Industrial heritage on show at Discovery Days

There are over 200 events planned for Derbyshire’s World Heritage Site Discovery Days next week – making it by far the biggest in the festival’s  history.

Discovery Days began as a single day of activities to celebrate the diversity and importance of the Derwent Valley Mills – the only World Heritage Site in the East Midlands, where the factory system was born.

Every year there is a new first for this event and the opening of all this fascinating industrial heritage for us to see is an opportunity not be missed. Discovery Days gave me my first experience of the view from the fifth floor of the East Mill at Belper and this year I will definitely be one of those queuing to see inside the homes on North Street in Cromford.

Mark Suggitt, director of the Derwent Valley Mills World Heritage Site, said: “This is the eighth year of Discovery Days, but the mix of activities stays as fresh as ever. As well as the annual favourites there are plenty of new experiences to enjoy, many of them free‐of‐charge.”

The 2012 programme  fills a 48‐page events booklet and events kick off at the weekend  with a wide range of activities, from walks and art exhibitions to theatre performances and dance demonstrations. On the opening day, there’s plenty going on in Derby and Darley Abbey, with a mass of family activities in the Silk Mill, and a vintage bus will take people on tours around the historic parts of the city and (a first for the festival). Visitors can take a look inside the schoolroom in the attic of the Long Mill at Darley Abbey – almost untouched from when the mill children moved to a purpose‐built school in 1826.

On Sunday there are more historic buildings open in Belper than ever before, and a showcase for Belper talent at an arts and crafts fair in the Strutts Community Centre. There’s a wide mix of children’s activities and tours from Strutt’s North Mill museum. One of the most exciting events will be the opening of homes at Berkin’s Court (now called Chevin View). The residents of this little row of houses have come together to research and now tell the story of their homes (some of the earliest industrial housing on the planet) and recreate a traditional 1912 wash day.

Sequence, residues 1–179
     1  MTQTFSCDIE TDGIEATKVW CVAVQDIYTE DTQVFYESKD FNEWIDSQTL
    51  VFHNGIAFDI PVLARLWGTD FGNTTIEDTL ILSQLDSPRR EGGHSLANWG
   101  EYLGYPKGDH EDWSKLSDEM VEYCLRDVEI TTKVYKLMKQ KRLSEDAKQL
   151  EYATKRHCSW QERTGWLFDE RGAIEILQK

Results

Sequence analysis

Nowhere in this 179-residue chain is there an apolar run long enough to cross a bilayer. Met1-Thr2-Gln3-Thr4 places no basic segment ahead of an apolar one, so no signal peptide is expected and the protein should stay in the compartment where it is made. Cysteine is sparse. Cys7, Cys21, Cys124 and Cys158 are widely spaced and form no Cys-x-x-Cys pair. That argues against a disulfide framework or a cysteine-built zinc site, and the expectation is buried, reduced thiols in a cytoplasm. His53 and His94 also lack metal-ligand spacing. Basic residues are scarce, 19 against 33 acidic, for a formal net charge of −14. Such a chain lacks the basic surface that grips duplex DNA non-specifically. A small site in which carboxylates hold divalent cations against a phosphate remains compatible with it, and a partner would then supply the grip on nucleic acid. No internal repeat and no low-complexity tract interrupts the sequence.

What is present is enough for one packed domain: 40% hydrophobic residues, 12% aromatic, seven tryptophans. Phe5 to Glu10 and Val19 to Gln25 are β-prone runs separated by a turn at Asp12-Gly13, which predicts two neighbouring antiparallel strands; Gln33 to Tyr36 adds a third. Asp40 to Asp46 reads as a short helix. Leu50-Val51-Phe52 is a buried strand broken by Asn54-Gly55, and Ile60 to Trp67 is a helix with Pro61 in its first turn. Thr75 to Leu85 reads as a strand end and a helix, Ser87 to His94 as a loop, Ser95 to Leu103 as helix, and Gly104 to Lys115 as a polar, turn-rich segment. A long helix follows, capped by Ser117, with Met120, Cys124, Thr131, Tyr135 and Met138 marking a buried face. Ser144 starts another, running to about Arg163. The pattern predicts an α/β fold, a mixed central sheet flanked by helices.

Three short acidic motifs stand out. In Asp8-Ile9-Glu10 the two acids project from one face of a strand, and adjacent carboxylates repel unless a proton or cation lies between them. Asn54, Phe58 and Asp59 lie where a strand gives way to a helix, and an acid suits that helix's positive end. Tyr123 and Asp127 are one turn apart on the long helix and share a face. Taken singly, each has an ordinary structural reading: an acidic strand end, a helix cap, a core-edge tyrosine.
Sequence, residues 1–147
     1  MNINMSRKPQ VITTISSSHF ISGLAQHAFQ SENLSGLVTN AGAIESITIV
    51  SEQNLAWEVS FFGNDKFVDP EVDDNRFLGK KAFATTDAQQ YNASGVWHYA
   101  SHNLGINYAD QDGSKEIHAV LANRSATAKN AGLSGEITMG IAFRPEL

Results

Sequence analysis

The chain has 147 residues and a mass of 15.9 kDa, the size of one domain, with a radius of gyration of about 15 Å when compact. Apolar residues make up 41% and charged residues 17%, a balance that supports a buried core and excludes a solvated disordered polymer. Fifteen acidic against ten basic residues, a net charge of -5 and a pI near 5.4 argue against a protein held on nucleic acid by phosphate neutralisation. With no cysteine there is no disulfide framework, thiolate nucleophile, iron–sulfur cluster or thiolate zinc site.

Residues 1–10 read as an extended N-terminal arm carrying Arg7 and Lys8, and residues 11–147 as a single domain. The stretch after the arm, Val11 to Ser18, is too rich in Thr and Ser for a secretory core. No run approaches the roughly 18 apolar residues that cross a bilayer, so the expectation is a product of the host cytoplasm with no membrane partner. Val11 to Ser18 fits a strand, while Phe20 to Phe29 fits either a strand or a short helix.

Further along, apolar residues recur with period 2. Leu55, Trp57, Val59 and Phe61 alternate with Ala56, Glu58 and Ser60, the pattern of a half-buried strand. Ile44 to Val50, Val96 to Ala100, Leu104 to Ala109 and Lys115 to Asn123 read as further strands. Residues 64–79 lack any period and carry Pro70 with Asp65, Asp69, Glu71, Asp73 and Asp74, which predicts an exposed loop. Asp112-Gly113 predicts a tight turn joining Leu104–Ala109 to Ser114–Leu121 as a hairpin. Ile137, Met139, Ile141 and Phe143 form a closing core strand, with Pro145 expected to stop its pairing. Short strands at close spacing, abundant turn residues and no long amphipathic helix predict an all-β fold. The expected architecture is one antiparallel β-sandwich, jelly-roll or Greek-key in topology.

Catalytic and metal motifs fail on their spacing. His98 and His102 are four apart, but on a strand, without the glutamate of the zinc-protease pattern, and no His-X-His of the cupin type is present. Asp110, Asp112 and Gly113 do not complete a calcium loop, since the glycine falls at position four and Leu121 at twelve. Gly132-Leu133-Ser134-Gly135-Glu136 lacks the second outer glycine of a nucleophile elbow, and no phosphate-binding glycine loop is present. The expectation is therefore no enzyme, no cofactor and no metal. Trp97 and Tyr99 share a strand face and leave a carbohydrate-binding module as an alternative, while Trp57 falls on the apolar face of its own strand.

It is by far the busiest year yet for midweek events, with activities including Singing round the Calendar with Pete Castle, Keith Kendrick and Sylvia Needham singing and telling stories which celebrate holidays and holy days, and walks and talks every day. On the evening of October 31 – Hallowe’en – there’ll be a chance to see the 1623 Theatre Company perform Supernatural Shakespeare in Belper’s River Gardens.

The final weekend of November 3 and 4 is Cromford‐based, with houses on North Street (the world’s first industrial housing) open to the public for the first time ever, a chance to view a private vintage motorcycle collection never seen publicly before, and a torch‐lit procession to Masson Mill on the Sunday afternoon for a closing concert with local children by folk group Mills and Chimneys.

“It’s the best line‐up yet, and we’re relying on plenty of people to turn up and join in the fun. The volunteers work so hard, it’d be great if they could be rewarded with a good turnout throughout the week,” added Mark.

To see what’s on during the festival, visit http://www.derwentvalleymills.org/discovery-days. The booklet explaining all the events planned for the Discovery Days Festival is now available from the mills and county libraries. Alternatively contact the booking line on 01629 536831 between 9am and 5pm Monday to Friday or email info@derwentvalleymills.org.

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